In the example above, an empty myCar object was created (line 2). A make property was added to myCar object using Object.defineProperty() method and defined its two attributes value: 'Toyota' and writable: true (lines: 4-7).  Now when we access descriptor attributes of make property using Object.getOwnDescriptor() method (line 10). The output result shows (lines: 11-16) value and writable as defined before (line: 12-13) but other two attributes enumerable and configurable were not defined were set to false by default (lines: 14-15).

Using Object.defineProperty() the descriptor attributes of make property can be modified. In the example above, the writable attribute was changed from true to false (line: 21) and the modification is confirmed in its output (line: 21).

Writable Descriptor Attribute

The writable attribute  is set to false by default when property is defined with Object.definePropert() method and thus the property is non-writable and can’t be reassigned.

// Create myCar object
let myCar = {}; //empty object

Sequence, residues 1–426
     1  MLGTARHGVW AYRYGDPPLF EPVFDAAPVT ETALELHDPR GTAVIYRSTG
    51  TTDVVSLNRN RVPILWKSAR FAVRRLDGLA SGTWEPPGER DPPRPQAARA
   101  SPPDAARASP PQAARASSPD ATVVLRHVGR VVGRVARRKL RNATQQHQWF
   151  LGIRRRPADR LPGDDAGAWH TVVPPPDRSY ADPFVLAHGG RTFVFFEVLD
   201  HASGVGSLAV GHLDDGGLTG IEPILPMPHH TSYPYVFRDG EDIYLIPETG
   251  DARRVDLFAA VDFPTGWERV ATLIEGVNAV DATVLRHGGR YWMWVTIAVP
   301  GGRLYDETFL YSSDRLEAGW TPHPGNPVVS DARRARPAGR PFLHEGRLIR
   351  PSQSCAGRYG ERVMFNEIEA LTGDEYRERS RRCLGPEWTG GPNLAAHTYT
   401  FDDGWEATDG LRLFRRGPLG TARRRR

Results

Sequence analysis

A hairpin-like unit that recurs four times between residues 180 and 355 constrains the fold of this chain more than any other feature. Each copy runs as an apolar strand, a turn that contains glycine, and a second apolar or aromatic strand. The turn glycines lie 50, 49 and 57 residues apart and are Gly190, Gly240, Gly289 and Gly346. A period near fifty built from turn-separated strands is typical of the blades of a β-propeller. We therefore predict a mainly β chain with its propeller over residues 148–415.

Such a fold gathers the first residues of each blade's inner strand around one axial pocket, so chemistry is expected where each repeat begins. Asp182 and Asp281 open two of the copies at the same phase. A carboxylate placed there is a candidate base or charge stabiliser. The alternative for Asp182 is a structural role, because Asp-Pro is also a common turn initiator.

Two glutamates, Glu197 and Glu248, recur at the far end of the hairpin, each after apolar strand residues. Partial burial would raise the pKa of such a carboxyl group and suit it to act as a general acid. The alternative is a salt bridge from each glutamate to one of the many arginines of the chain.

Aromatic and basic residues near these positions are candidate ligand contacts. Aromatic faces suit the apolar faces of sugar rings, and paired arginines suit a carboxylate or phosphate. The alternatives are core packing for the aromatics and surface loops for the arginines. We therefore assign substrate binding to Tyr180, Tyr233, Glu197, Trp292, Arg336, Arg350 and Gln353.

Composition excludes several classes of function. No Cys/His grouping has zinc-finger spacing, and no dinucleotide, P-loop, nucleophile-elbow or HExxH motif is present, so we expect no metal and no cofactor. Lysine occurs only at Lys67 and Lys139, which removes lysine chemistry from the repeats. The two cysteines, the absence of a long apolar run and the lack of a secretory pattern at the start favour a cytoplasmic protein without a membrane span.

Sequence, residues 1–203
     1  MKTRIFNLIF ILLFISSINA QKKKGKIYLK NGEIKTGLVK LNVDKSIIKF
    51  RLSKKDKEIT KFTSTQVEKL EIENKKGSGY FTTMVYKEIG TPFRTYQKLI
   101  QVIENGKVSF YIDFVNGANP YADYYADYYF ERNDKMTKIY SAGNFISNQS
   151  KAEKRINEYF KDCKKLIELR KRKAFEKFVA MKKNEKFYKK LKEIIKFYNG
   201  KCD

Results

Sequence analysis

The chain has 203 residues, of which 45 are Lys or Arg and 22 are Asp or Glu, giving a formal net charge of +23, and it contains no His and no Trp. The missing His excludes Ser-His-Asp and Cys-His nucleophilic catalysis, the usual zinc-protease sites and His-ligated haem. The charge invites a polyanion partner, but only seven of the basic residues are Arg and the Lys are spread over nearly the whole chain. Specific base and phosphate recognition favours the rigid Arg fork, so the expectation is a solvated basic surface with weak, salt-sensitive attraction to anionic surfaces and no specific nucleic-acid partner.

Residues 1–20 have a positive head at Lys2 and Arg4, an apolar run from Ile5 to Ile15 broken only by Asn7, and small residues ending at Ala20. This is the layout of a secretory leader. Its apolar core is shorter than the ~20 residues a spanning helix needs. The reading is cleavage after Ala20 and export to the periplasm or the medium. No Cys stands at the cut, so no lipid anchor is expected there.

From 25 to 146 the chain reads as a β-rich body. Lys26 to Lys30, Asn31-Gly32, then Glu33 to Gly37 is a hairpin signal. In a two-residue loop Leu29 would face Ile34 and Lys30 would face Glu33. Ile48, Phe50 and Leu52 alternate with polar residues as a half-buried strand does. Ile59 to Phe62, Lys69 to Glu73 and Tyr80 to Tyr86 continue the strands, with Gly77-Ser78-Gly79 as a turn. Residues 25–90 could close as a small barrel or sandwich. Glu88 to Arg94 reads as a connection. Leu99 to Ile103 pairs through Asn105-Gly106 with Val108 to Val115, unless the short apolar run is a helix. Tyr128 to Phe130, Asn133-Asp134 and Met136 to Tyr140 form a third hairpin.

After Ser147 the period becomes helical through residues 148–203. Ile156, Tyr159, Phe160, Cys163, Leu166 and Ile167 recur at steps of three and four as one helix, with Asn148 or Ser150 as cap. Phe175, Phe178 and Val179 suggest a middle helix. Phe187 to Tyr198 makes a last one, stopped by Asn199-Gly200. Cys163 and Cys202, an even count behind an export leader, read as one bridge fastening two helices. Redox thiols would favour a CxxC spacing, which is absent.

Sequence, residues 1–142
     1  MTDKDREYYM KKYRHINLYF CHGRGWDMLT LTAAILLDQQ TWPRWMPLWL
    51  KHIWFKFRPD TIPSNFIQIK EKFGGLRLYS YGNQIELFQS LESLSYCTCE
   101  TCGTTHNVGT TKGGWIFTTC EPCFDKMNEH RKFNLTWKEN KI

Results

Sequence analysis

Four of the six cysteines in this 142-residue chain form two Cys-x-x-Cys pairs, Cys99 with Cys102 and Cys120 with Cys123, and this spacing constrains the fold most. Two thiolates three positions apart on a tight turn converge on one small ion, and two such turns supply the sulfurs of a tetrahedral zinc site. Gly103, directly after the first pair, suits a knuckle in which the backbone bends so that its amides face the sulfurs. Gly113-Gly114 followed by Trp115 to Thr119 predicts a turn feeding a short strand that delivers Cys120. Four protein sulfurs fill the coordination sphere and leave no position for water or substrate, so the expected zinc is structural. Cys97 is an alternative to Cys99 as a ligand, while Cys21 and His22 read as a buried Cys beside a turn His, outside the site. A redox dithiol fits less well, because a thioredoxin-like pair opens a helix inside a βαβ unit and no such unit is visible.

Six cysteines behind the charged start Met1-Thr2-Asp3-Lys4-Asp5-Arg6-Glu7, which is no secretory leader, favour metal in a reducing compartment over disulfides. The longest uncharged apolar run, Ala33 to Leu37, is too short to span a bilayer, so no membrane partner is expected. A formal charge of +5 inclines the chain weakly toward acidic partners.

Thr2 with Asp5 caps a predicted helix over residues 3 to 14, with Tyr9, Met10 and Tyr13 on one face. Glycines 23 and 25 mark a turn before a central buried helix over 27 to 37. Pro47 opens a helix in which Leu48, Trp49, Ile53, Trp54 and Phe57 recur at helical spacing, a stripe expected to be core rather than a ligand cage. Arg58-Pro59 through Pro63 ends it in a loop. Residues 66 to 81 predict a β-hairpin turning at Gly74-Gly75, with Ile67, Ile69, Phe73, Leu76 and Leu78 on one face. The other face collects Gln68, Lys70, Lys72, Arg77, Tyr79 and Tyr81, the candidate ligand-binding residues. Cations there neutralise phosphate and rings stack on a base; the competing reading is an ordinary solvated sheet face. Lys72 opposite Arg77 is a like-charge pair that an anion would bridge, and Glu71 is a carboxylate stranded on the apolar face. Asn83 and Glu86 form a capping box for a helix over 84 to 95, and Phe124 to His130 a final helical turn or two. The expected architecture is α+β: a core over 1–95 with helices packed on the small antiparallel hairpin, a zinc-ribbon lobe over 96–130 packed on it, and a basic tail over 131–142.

//add property
Object.defineProperty(myCar, 'make', {
  value: 'Toyota',
  writable: true //defaults false
});
//access property value
console.log(myCar.make); //=> Toyota

//Change property value
myCar.make = "Honda"; //=> Honda

In the example above, revisiting myCar object its make property is  assigned 'Toyota' value and its writable attribute is defined as true (line 6), default is false. Value of make can be reassigned to 'Honda' (line 12).

//set writable attribute to false
Object.defineProperty(myCar, 'make', {
    writable: false
});
//access property value
console.log(myCar.make); //=> Honda

//change property value
myCar.make = "Toyota"; // logs "Toyota" (TypeError in 'strict mode'
//access property value
console.log(myCar.make); //OUT => Honda

//try modifying writable to true
Object.defineProperty(myCar, 'make', {
    writable: true
});
//OUTPUT
Uncaught TypeError: Cannot redefine property: make

In the example above, the writable attribute of make property is defined as false (line 15). Value of make property can’t be modified (line 21) and throws TypeError.

Once the writable attribute is set to false, it can’t be changed back to true (lines: 26-28) again (the change is permanent – ONE way only) and throws cannot refine property TypeError (line 30).